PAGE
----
The panelists want to see more resources invested in housing, public health, mental health, jobs and other basic needs that, when missing, are factors in a rising crime rate. They also want police to seek more input from communities on how they want and need help with safety.

Goode pointed to the success of his organization’s youth diversion program. Launched in 2011 in partnership with the King County Prosecuting Attorney’s Office, the program intervenes with youth offenders before their case enters the court system.

“When young people’s behavior is criminalized because they live in overpoliced neighborhoods, they get access to community instead of a courtroom,” he said of the program. According to Goode, more than 90% of young people who participate in the diversion program don’t return to the criminal legal system within 12 months of leaving it.

Lucero pointed to the Seattle Police Department’s engagement on data around Missing and Murdered Indigenous People as a success of police listening to community. Lucero said the community raised questions about data gaps in the department’s reporting on the issue, and the department responded by working with the Native community to improve its practices.

“The system has laid it out so that police should be the ones to be our protectors and help the community when we can’t deal with certain situations that are violent,” said Pham. “A lot of the dialogue you’re hearing today is about that ability to work with community and be part of community and not be this big authority we all either fear or just look to as the one solution to our problems.”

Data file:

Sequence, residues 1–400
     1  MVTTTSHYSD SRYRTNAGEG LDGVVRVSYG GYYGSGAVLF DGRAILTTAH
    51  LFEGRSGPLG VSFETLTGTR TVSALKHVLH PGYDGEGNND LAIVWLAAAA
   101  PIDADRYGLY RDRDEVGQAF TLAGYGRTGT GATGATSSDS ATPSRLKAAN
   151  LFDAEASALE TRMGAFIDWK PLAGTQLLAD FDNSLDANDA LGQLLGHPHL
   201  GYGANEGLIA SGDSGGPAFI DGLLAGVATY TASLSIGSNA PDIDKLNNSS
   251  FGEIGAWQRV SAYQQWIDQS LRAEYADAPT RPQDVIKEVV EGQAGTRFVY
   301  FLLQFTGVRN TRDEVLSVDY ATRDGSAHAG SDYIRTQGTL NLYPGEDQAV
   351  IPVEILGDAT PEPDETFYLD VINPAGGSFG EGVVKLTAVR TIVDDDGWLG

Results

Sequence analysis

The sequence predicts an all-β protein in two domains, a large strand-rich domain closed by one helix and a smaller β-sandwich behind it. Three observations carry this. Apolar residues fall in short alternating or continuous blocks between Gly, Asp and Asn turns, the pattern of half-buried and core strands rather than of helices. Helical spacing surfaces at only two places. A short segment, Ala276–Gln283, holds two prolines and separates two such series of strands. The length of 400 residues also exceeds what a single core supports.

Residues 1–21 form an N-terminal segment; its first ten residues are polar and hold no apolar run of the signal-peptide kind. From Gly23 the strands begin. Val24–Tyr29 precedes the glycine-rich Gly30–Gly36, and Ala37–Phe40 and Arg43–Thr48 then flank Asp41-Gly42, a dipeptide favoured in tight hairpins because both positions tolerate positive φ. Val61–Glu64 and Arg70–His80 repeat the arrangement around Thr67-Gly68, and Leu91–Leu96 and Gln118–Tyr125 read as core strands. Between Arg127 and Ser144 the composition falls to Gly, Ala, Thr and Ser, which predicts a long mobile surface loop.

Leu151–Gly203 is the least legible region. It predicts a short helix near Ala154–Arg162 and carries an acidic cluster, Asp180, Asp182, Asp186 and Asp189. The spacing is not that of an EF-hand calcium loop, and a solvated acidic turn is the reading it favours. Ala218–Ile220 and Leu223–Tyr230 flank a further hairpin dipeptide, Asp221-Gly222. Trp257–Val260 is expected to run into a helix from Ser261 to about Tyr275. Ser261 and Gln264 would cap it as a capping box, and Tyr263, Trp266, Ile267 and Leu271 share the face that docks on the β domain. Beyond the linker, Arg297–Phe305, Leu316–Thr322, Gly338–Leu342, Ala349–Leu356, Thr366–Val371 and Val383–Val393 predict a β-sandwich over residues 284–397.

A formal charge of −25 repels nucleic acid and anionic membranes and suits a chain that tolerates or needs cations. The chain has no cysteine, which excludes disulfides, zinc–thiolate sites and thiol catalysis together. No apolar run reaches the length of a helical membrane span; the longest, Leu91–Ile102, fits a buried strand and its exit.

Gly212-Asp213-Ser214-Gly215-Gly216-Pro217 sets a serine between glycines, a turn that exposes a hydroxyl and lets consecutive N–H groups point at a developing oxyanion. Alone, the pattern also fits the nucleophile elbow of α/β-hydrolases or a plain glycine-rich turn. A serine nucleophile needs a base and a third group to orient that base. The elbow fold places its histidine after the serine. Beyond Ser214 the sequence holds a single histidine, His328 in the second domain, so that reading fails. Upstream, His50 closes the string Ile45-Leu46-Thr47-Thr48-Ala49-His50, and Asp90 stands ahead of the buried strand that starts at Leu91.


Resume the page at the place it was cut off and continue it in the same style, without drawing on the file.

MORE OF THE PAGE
In Part 2 of the evening’s conversation, interim Chief Diaz responded to some of the panelists’ views on public safety and policing, and discussed some reforms underway in the department.

One is a program meant to both improve new police recruits’ long-term mental health and their community relationships. As part of their training before they go to the state police academy, new recruits will have lessons in trauma-informed practices and social emotional well-being. They also must meet with community members in the precincts they will patrol, sometimes including families who’ve lost loved ones to police violence.

“I’m trying to instill a culture in the department that is accountable, that can rebuild trust in the community and is providing the level of service we want to provide,” said Diaz.

Diaz also talked about efforts to shift police resources away from mental health crises, homelessness intervention and other responses that might be better handled by social workers or medical professionals.

The department has hired five mental health professionals to do some of that work. Several Seattle City Council members are pushing the Police Department to adopt a comprehensive 911-response system similar to Denver’s and Eugene, Oregon’s, which have a robust, nonpolice crisis response team to take over a significant portion of incidents that can be better handled by social workers.

Watch a replay of the whole conversation at 7 p.m. Wednesday on KCTS 9.